What can I do as an employer?
Workplace sleep disorder screening and treatment program
Workplace sleepiness is a known risk factor for accidents and injuries, particularly for night shift workers. Sleepiness on-the-job also increases presenteeism and reduces productivity. While these risks exist due to sleepiness for any reason, workers with undiagnosed sleep disorders pose an additional health and safety risk to themselves, their colleagues and the general public. Sleepiness and sleep disorders also cost businesses money; in addition to the health-related costs due to accidents, injuries and poor worker health, which are relatively easy to measure, sleep disorders also lower productivity which is sometimes harder to detect.
It makes good business sense to invest in programs to help reduce sleep and sleepiness to reduce these identifiable and preventable factors that affect your bottom line.
There are a number of different ways in which a sleep disorders program can be rolled out. Businesses should review what might work best for them and, if you need to call in an expert for advice, you can contact the CRC for Alertness, Safety and Productivity who can further discuss these approaches with you.
Screening for Sleep Disorders
A number of examples of successful sleep disorders screening, referral and treatment interventions have been published in peer-reviewed medical journals.
Sleep Health Program (SHP)
A workplace-based Sleep Health Program (SHP) was developed for firefighters, incorporating sleep health education and sleep disorders screening, plus sleep clinic referrals for respondents who screened positive for a sleep disorder (Sullivan et al., 2017). Using departmental records, firefighters who assigned to intervention stations that participated in education sessions, and who had the opportunity to complete sleep disorders screening, reported 46% fewer disability days than those assigned to control stations. Firefighters who attended education sessions were 24% less likely to file at least one injury report during the study than those who did not attend.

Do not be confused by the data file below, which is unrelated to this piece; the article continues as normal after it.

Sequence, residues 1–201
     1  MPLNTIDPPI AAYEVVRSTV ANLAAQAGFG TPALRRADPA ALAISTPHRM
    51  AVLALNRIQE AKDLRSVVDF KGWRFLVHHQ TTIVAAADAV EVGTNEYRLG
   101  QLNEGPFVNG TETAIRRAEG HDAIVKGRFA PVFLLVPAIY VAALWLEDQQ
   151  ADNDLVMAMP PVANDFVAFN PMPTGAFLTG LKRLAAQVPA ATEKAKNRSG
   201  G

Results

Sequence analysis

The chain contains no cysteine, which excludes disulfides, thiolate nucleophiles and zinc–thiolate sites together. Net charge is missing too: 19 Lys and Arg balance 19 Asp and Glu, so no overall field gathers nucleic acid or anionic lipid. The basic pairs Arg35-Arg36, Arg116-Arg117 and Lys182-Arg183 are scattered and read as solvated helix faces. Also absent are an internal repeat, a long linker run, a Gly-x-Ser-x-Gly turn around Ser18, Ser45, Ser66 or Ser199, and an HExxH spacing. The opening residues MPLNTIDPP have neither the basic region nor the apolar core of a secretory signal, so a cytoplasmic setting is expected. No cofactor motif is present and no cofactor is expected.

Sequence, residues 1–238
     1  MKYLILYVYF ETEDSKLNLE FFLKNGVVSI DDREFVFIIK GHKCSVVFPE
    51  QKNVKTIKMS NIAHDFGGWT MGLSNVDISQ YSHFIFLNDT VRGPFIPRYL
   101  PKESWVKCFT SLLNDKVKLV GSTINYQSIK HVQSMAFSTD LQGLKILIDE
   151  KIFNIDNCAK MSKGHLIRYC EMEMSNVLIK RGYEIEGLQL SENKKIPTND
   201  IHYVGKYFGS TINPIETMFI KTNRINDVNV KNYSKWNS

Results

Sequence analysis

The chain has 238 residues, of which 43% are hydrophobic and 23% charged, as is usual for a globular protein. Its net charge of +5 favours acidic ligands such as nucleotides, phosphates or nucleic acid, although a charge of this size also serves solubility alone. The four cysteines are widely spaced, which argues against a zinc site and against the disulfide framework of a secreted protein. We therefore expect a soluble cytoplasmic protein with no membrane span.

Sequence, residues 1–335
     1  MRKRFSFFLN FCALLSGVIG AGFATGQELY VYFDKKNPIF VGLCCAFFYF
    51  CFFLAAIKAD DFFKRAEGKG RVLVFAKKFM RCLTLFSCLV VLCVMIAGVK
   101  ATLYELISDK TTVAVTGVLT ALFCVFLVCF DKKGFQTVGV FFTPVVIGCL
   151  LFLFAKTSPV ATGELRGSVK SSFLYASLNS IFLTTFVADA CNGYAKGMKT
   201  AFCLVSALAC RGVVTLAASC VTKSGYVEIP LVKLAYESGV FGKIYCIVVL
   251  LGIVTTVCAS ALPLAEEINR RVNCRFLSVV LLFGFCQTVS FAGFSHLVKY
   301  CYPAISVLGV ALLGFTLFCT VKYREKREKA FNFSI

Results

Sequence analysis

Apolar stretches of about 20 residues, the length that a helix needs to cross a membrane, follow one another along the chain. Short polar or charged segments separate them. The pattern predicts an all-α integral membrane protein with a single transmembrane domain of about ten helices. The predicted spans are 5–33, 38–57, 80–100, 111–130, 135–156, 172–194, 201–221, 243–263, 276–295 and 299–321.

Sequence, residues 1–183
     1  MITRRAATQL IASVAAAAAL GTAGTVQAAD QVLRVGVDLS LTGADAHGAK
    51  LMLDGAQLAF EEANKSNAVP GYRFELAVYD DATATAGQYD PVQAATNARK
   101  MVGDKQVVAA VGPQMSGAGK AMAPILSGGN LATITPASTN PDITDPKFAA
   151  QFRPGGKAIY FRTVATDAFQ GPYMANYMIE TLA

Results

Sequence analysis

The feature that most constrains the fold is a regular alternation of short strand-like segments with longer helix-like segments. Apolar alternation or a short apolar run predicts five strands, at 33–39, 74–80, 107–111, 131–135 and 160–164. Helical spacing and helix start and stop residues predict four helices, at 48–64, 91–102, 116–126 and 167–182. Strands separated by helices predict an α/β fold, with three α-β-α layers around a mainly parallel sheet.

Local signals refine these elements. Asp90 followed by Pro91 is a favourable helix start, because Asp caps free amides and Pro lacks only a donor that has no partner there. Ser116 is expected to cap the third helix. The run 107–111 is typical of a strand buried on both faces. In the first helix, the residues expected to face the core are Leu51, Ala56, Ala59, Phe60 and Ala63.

Employee-mandated Program for Truck Drivers
In truck drivers, Schneider National, Inc., a major North American trucking firm, implemented an employee-mandated OSA screening, diagnosis, and treatment program that resulted in about half the workforce being screened by a questionnaire and over 2,000 individuals referred to and assessed in sleep clinics. Diagnosis and treatment were covered without co-pays as preventive medicine for drivers carrying the firm's voluntary medical insurance plan (Berger et al., 2012). An analysis of the impact of the program showed that drivers who did not adhere to the positive airway pressure treatment for OSA had nearly 5-times higher risk of a reportable crash than matched controls (Burks et al., 2016).
Fatigue Management Program
In Australian truck drivers, failure to complete a fatigue management training program was associated with a 6-fold increased odds of having a crash (Meuleners et al., 2015), suggesting such programs can be useful in their own right even without screening for sleep disorder.